Wednesday, 7 August 2019

A Sighting of The Myrour of Recluses

Five years ago I had the pleasure of researching, for an auction, a newly-discovered Middle English manuscript, of which no other complete copy was known: the so-called Myrour of Recluses. Most of the text had recently been edited from the only known (incomplete) copy at the British Library, but crucially this new manuscript has a prologue in which the author dates his work: "This Wednysday bi the morow the even of the blissed virgyne seynt Alburgh the secunde yeere of the worthy cristen prince kyng Henry the fift" (i.e. 1414).

The provenance, as far as I was able to reconstruct it, had a gap between the 18th century, when it was "No. 133" in the collection of "John Wylde":
and 1820, when it was owned by Joseph Brooks Yates, of Manchester [Wikipedia], who wrote in it "From Mr Ford’s collection, 26 Sep. 1820", and later gave it to  Henry Yates Thompson, his grandson (discussed in several previous blogposts). I did not hazard a guess as to the identity of "Mr Ford".

The manuscript exceeded expectations and sold for more than £180,000 in 2014, but the buyer seems to have had a change of heart or of fortune, and sent it for re-sale at another auction house a few weeks ago.

The new description provides more speculation than I had been able to offer in 2014:
"Most probably William Ford (1771-1832), Manchester bookseller: inscription in hand of Joseph Brooks Yates on first endleaf recording 2.12.6 from Mr Fords collection, 26 Sep. 1820, presumably recording its price in £, shillings and pence. Fords initial catalogues were formed from his own vast private library, allowing the identification given here. Ford noted, perhaps prophetically, in a letter to Dibdin that It was my love of books, not of lucre, which first induced me to become a bookseller. He went bankrupt in 1810, but continued to operate as a bookseller and issued catalogues as late as 1832."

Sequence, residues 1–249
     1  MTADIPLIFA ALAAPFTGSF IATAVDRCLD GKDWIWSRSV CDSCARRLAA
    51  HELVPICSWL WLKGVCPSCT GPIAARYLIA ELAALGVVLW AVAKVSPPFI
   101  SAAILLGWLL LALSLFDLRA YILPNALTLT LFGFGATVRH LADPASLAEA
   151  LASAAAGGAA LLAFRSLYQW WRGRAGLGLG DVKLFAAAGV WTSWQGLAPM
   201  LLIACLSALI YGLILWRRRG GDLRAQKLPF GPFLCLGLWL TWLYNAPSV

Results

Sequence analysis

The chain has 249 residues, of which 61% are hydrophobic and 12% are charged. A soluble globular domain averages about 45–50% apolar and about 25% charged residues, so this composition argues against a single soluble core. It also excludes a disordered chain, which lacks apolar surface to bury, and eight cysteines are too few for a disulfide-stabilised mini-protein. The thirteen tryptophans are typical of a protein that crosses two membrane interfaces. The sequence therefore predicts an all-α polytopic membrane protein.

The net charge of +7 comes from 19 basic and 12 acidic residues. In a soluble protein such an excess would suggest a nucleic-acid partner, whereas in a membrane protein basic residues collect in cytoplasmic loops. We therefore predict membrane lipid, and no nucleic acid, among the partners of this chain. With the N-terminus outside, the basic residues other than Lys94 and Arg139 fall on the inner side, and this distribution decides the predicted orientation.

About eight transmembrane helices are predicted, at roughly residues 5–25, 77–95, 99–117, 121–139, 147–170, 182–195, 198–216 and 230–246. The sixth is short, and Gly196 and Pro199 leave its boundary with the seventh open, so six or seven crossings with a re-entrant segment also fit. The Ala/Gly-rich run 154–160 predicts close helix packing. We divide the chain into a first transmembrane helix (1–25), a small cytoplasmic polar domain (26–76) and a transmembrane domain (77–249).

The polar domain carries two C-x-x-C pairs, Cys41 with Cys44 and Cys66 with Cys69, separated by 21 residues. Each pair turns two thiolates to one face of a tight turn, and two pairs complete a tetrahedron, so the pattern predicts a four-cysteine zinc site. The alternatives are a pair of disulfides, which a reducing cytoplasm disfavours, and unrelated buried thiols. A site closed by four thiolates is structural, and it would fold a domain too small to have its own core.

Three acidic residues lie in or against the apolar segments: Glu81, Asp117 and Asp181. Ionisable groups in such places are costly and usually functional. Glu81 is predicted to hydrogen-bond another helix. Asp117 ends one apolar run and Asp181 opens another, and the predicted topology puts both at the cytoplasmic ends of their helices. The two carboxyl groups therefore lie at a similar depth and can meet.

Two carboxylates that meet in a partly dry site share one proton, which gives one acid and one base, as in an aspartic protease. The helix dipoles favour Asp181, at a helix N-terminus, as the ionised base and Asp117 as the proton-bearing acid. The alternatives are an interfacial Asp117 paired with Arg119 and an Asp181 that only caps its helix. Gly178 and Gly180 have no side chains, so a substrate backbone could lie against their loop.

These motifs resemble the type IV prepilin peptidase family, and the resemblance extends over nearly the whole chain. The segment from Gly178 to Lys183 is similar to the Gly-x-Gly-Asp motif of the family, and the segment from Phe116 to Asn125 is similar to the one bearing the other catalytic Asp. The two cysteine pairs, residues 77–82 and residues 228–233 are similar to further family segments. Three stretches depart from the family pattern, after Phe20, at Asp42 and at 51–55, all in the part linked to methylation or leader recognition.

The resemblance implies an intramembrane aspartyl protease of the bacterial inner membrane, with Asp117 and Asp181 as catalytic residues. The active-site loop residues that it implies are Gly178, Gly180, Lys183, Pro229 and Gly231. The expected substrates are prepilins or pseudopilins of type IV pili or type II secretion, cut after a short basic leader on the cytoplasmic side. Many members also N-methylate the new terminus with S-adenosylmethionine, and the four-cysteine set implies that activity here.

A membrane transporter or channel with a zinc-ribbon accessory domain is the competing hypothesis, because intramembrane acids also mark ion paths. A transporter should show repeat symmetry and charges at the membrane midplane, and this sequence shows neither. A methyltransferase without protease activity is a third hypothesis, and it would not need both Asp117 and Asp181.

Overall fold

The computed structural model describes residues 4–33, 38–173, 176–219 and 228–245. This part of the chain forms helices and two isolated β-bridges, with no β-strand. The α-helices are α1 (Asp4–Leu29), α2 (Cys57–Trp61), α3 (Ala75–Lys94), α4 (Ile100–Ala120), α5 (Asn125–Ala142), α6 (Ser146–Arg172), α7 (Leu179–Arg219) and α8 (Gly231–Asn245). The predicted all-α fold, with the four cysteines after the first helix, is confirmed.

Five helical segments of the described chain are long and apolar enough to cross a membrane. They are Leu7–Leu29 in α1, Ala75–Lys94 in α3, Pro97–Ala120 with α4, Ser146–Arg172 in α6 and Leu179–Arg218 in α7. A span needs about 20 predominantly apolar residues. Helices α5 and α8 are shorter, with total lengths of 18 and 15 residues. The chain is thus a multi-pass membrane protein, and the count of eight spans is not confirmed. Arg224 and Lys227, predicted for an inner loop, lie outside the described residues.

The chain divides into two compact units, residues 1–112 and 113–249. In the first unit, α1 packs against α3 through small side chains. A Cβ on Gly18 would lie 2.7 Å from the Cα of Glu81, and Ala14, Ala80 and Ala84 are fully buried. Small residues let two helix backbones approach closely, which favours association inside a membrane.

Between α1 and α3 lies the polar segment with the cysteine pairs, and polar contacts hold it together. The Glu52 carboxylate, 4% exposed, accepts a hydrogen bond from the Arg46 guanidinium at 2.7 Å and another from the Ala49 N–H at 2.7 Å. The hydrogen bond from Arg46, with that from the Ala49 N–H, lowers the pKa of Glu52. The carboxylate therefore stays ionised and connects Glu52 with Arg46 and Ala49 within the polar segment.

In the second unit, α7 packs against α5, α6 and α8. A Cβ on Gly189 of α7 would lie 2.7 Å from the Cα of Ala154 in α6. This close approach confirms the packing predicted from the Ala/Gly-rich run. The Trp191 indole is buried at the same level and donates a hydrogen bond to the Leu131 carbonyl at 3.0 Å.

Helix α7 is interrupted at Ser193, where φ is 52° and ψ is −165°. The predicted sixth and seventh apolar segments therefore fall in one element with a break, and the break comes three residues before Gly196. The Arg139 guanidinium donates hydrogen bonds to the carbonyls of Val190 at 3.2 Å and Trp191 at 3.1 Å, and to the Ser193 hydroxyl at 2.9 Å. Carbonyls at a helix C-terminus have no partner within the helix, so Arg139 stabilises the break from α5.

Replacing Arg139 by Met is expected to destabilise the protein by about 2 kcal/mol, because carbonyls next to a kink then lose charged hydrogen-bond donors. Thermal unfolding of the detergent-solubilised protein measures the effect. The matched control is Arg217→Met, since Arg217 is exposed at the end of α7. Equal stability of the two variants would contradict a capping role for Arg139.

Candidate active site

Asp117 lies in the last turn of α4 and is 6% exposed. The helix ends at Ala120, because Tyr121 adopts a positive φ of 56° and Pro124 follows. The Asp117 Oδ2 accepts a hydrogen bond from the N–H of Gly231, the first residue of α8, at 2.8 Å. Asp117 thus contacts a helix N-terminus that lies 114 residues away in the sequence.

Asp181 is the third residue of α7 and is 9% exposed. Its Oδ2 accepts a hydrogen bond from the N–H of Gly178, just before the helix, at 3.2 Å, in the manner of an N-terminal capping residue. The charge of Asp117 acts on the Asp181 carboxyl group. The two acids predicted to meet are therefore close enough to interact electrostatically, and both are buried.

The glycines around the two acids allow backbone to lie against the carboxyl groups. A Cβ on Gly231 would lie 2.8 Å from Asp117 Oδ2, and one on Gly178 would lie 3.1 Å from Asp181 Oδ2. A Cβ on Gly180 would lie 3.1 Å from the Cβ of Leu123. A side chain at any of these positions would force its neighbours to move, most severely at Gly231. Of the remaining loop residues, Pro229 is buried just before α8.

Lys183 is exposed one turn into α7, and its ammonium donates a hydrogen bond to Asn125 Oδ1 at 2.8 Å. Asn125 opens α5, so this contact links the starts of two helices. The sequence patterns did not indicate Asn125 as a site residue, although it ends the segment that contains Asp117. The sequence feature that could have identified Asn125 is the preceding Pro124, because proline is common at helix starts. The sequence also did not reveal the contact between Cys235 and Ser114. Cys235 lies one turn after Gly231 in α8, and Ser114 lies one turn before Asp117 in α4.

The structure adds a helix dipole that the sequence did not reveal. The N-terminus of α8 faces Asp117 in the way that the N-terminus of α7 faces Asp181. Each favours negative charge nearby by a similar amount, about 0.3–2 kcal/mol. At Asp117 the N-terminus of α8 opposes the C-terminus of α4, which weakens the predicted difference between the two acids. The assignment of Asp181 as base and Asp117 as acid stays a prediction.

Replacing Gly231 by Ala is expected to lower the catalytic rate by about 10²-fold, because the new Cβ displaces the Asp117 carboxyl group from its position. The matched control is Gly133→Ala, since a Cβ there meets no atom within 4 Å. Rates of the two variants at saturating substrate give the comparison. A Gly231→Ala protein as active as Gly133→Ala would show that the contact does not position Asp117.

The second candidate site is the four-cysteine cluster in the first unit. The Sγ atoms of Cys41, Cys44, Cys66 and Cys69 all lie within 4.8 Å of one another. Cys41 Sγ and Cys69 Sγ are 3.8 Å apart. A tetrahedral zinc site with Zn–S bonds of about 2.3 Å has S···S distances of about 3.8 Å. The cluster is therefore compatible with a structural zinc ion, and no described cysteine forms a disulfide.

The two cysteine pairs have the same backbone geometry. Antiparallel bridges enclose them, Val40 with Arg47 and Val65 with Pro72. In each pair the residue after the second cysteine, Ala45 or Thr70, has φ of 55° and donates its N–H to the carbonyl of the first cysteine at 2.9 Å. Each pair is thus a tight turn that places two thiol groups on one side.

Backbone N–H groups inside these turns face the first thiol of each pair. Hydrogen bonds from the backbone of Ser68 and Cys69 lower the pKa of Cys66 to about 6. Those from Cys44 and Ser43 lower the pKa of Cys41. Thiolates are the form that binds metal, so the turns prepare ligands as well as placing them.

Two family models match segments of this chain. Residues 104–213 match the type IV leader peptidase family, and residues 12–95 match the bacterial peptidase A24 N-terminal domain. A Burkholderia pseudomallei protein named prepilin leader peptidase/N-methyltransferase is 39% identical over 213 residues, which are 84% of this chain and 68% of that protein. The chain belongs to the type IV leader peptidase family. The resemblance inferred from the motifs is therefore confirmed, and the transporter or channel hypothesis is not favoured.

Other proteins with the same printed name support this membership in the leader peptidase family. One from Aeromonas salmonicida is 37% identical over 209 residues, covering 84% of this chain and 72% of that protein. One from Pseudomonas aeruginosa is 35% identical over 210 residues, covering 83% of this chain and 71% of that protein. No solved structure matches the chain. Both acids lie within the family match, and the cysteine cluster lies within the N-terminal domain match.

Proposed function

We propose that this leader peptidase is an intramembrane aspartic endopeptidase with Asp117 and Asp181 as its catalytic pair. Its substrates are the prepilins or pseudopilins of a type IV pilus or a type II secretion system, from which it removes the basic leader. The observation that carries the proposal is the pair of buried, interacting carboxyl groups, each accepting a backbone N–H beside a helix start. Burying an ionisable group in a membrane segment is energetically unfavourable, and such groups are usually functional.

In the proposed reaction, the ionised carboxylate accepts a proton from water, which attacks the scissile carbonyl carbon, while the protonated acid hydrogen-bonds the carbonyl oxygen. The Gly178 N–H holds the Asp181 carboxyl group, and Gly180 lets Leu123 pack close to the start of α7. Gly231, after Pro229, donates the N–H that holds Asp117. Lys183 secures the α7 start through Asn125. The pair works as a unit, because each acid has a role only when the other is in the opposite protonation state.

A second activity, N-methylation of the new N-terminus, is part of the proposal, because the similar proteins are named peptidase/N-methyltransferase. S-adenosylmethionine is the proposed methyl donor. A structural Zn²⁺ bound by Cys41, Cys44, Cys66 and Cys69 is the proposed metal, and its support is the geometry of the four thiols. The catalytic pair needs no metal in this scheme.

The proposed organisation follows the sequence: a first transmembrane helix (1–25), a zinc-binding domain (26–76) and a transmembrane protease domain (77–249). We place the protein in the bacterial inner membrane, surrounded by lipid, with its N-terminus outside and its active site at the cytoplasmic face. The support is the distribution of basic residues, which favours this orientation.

On this occasion, the speculation turns out to be correct.

Looking through A Catalogue (Part the Second for 1810-11) of a Curious and Valuable Collection of Books, in Various Languages and Classes of Literature, and including also, a small, but Curious Collection of Manuscripts, Which are Now Selling, for Ready Money, at the Prices Affixed to Each Article by W. Ford, Bookseller (Manchester, 1811), my eye was caught by no. 15,136, which is certainly the same manuscript, because part of the unique prologue is quoted:
" ... ¶ This Wednysday
bi the morow the even of the blissed virgyne
seynt Alburgh the secunde yeere of the worthy 
cristen prince oure souerayn liege lord ye kyng
Henry the fift  ¶ ... "

In this particular case, finding the bookseller's catalogue tells us very little that we did not already know. But if someone interested in Middle English had found this description prior to the discovery in 2014 of the manuscript itself, it could potentially have provided valuable new evidence concerning the date of composition of the text.

1 comment:

  1. Except the compiler of the description seemed to think Henry V reigned in 1485!


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